- Researchers say that ‘overtraining’ not only leads to an exhausted body, it can also exhaust the mind.
- They say this mental fatigue can lead to misjudgment when making important life decisions.
- Some experts say rest for the mind is just as important as rest for the muscles when it comes to exercise.
Excessive exercise can certainly have an effect on the body: Tired and sore muscles, strains, and even injuries can result from overtraining. But can too much exercise also have a weakening effect on the mind?
The answer is… possibly.
A study published today in Current Biology indicates that excessive athletic training can result in mental fatigue in addition to physical fatigue.
The study looked at the training load on triathletes. It found reduced activity in the portion of the brain that’s vital to decision-making.
Overtraining syndrome, as the study calls it, is a form of burnout. In endurance athletes, burnout is defined by an unexplained performance drop associated with intense exhaustion.
The researchers conducting the study aimed to demonstrate that physical training overload shares a link to the form of fatigue demonstrated after intense mental work.
The athletes in the study acted more impulsively in subsequent decision-making tests, opting for instant gratification rewards instead of goals that would take longer to achieve.
The study determined this is because both sport training and excessive cognitive work affect the same region in the brain, the lateral prefrontal region.
“The ‘overtraining syndrome’ causing declined cognitive abilities makes sense,” said Dr. Elan Goldwaser, sports medicine specialist at New York-Presbyterian/Columbia and its Sports Performance Institute.
“In fact, overtraining does more than just contribute to temporary cognitive fatigue. ‘Overdoing it’ can cause a lot of other health effects as well. A whole panel of abnormalities can afflict the body from overtraining, and the brain is no exception,” he said.
There’s no one definition of overtraining. All people are different. That said, there is a way to determine what might be overtraining per individual.
“When you start to feel fatigued during exercise, meaning winded or that you have difficulty thinking, speaking, or collecting your thoughts, it’s important to slow down and take a break,” said Dr. Robert Glatter, assistant professor of emergency medicine at Lenox Hill Hospital, Northwell Healthcare. “These are early signs that there is an importance to scale back and go easy on yourself.”
The initial idea for the study came from the National Institute of Sport, Expertise, and Performance in France, which trains athletes for the Olympics.
According to the researchers, some of the athletes were experiencing overtraining syndrome, which resulted in diminishing performance because of fatigue.
“The study looks at decision-making and the ability to have executive control when fitness levels are pushed,” Glatter said.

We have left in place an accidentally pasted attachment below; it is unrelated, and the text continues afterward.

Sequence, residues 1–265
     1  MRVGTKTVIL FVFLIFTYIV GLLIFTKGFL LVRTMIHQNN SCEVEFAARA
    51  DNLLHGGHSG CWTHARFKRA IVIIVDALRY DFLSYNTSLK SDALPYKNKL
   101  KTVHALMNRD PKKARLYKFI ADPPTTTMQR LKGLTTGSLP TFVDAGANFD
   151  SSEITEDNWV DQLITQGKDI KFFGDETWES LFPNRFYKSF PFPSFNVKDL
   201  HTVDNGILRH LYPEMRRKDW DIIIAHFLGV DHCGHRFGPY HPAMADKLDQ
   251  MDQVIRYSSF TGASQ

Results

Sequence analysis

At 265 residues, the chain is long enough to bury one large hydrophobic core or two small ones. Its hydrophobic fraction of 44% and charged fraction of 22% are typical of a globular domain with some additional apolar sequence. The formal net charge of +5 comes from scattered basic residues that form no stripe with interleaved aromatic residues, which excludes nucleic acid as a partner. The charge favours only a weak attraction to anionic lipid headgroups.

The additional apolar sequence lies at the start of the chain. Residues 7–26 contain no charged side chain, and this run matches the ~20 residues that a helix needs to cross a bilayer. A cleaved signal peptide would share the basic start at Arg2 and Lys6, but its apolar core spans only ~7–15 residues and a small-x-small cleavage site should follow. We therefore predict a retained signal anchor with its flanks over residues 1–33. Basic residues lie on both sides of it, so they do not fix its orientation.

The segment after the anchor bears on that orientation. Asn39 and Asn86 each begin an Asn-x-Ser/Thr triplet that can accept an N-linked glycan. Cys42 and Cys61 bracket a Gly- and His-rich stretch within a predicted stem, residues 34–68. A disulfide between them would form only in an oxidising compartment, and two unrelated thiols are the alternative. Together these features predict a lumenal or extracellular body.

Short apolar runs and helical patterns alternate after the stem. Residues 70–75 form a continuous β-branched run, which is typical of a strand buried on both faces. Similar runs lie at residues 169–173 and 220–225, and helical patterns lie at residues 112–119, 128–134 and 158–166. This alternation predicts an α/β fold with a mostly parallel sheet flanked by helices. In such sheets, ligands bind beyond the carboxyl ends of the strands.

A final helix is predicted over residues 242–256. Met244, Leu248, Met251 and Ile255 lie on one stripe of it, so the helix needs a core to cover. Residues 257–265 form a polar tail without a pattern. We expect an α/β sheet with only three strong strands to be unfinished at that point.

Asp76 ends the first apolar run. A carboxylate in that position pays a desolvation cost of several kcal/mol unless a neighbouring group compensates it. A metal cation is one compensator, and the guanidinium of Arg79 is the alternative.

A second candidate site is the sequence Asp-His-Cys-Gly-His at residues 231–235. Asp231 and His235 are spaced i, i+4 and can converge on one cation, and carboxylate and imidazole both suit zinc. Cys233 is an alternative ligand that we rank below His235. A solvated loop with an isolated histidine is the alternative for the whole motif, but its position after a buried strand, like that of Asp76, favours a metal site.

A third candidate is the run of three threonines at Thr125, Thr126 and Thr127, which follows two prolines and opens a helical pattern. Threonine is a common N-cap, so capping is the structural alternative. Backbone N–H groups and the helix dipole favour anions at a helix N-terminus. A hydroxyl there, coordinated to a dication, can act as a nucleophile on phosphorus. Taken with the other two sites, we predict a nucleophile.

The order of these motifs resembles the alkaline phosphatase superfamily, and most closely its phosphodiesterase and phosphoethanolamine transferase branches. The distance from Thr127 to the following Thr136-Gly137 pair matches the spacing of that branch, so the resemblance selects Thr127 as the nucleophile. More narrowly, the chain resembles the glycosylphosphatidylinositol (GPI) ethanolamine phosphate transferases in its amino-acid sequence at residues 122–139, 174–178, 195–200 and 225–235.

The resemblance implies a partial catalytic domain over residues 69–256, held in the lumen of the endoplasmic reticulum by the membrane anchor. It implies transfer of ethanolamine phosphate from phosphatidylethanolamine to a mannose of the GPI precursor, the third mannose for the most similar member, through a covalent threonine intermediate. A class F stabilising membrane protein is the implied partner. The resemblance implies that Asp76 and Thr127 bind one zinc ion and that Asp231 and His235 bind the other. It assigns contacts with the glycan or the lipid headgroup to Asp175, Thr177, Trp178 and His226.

“The lateral prefrontal region of the brain is shared by physical and cognitive activity,” he said. “The study makes the important distinction that we need to look at those areas. Decisions that are made [when] fatigued reflect loss of control and lack of judgment.”
Such mental control is important in intense athletic training, the research suggests, because to maintain physical effort and reach a distant goal requires cognitive control.
Just as an athlete would rest muscles and joints, it’s equally important to rest the brain between workouts.
Moderation is the key to exercise in general. Pushing to capacity is ultimately not the safe or beneficial decision.
The study suggests that athletes must recognize their limits not only because of how overtraining affects the body, but also how it affects the brain.
While you might think you’re being healthy, you could be hurting your ability to make important decisions about life.
“From a structural standpoint, the brain will be fine,” Goldwaser said. “But from a functional standpoint, there are theoretical micro injuries that begin to accumulate, similar to how concussion affects the brain, from overtraining.”
Goldwaser and Glatter suggest rest and letting the brain recover the same as we let muscles recover. Hydration, nutrition, and rest are imperative to the body’s recovery.
“One’s optimal fitness is a coin. On one side is our training — intensity, frequency, and repetition — while on the other side of that coin is our recovery,” Goldwaser said.
The study reveals the importance of planned and controlled workouts. Exercise can absolutely optimize our cognition and sharpen our brain, but as with anything, too much of a good thing can go awry. Overtraining may be reversing the benefits of exercise.
“With too much training and too little recovery, we end up hurting ourselves,” Goldwaser explained.